Last modified on 10 July 2014, at 15:11

marry

EnglishEdit

Etymology 1Edit

From Middle English marien, from Anglo-Norman marier, from Latin marītāre (to wed), from marītus (husband, suitor), from Proto-Indo-European *meryo (young man), same source as Sanskrit मर्य (marya, suitor, young man). Compare its feminine derivatives - Welsh morwyn (girl), merch (daughter), Crimean Gothic marzus (wedding), Ancient Greek μεῖραξ (meîraks, boy; girl), Lithuanian martì (bride), Avestan [script?] (mairya, yeoman).[script?][1])

PronunciationEdit

VerbEdit

marry (third-person singular simple present marries, present participle marrying, simple past and past participle married)

  1. (intransitive) To enter into the conjugal or connubial state; to take a husband or a wife. [from 14th c.]
    Neither of her daughters showed any desire to marry.
    • 1641, Evelyn, Diary, quoted in 1869 by Edward J. Wood in The Wedding Day in All Ages and Countries, volume 2, page 241:
      Evelyn, in his "Diary," under date 1641, says that at Haerlem "they showed us a cottage where, they told us, dwelt a woman who had been married to her twenty-fifth husband, and, being now a widow, was prohibited to marry in future; [] "
    • 1755, The Holy Bible, both Old and New Testament, Digested, Illustrated, and Explained, second edition, page 59:
      But Esau, being now forty years of age, took a false step by marrying not only without his parents consent; but with two wives, daughters of the Hittites.
  2. (transitive, in passive) To be joined to (someone) as spouse according to law or custom. [from 14th c.]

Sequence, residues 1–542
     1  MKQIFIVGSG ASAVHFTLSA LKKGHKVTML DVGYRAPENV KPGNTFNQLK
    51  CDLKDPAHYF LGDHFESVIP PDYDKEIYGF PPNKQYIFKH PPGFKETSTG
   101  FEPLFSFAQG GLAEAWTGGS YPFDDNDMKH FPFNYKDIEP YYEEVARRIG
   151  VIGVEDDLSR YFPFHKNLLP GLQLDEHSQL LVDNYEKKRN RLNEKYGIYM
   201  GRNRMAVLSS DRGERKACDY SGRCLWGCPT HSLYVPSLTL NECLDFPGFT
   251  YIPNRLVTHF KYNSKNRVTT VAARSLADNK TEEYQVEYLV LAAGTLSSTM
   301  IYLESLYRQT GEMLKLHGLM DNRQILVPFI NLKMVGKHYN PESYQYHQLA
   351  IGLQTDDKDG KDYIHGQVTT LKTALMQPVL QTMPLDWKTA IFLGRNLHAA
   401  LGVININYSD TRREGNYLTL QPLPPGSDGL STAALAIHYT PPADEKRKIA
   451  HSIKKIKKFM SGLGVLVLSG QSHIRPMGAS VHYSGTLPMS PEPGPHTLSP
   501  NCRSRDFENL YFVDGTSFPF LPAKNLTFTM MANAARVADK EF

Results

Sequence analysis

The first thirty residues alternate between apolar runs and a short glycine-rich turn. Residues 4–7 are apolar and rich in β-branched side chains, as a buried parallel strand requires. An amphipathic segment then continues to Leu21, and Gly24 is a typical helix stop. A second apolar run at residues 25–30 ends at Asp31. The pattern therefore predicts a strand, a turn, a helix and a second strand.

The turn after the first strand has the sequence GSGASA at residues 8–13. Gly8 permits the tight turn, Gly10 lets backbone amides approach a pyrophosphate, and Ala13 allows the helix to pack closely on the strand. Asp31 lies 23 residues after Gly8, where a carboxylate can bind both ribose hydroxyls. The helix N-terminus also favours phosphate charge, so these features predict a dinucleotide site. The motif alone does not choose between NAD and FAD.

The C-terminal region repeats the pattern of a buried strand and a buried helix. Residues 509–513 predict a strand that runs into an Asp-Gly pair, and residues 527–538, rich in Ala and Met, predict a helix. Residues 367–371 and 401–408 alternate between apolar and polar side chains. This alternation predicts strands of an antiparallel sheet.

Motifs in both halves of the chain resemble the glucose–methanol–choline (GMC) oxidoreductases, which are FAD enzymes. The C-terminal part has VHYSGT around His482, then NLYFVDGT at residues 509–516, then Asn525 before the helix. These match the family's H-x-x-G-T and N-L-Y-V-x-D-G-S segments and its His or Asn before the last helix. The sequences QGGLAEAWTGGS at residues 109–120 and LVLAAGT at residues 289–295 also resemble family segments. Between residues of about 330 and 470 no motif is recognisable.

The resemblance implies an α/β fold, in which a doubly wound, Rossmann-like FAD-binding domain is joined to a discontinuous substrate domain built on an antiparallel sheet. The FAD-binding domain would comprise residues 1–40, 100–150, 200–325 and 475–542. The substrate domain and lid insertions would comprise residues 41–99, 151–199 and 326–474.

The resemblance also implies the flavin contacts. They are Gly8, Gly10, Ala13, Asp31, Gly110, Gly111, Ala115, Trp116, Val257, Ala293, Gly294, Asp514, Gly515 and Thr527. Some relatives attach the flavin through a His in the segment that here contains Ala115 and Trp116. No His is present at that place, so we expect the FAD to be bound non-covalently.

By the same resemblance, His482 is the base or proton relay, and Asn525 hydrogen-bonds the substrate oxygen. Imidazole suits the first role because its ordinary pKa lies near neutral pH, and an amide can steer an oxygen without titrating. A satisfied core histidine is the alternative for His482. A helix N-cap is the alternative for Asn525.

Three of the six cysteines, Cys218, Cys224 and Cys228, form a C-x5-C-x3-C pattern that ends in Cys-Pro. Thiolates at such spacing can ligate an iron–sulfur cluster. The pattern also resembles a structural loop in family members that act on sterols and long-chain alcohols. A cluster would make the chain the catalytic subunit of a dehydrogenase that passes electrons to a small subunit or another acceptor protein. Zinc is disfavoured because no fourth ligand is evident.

She was not happily married.
    His daughter was married some five years ago to a tailor's apprentice.
  3. (transitive) To arrange for the marriage of; to give away as wife or husband. [from 14th c.]
    • 1526, William Tyndale, trans. Bible, Matthew XXIII:
      The kyngdome of heven is lyke unto a certayne kinge, which maryed his sonne [...].
    He was eager to marry his daughter to a nobleman.
  4. (transitive) To take as husband or wife. [from 15th c.]
    In some cultures, it is acceptable for an uncle to marry his niece.
  5. (transitive, figuratively) To unite; to join together into a close union. [from 15th c.]
    The attempt to marry medieval plainsong with speed metal produced interesting results.
    • (Can we date this quote?), Bible (KJV), Jeremiah 3.14:
      Turn, O backsliding children, saith the Lord; for I am married unto you.
  6. (transitive) To unite in wedlock or matrimony; to perform the ceremony of joining spouses; to bring about a marital union according to the laws or customs of a place. [from 16th c.]
    A justice of the peace will marry Jones and Smith.
    • (Can we date this quote?), Gay, The what d'ye call it:
      Tell him that he shall marry the couple himself.
  7. (nautical) To place (two ropes) alongside each other so that they may be grasped and hauled on at the same time.
  8. (nautical) To join (two ropes) end to end so that both will pass through a block.
SynonymsEdit
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TranslationsEdit
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Etymology 2Edit

From Middle English Marie,[2] referring to Mary, the Virgin Mary.[3] Mid-14th century.

PronunciationEdit

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Particularly: “interjection”

InterjectionEdit

marry!

  1. (obsolete) indeed!, in truth!; a term of asseveration.
    • William Shakespeare, King Henry IV, Part ii, Act 1, Scene 2,
      I have chequed him for it, and the young lion repents; marry, not in ashes and sackcloth, but in new silk and old sack.

ReferencesEdit

  1. ^ J.P. Mallory and D.Q. Adams, Encyclopedia of Indo-European Culture, s.v. "woman" (London: Dearborn Fitzroy, 1997), 656.
  2. ^ marry” in Merriam-Webster Online Dictionary, Merriam-Webster Online
  3. ^ marry” in Douglas Harper, Online Etymology Dictionary (2001).

See alsoEdit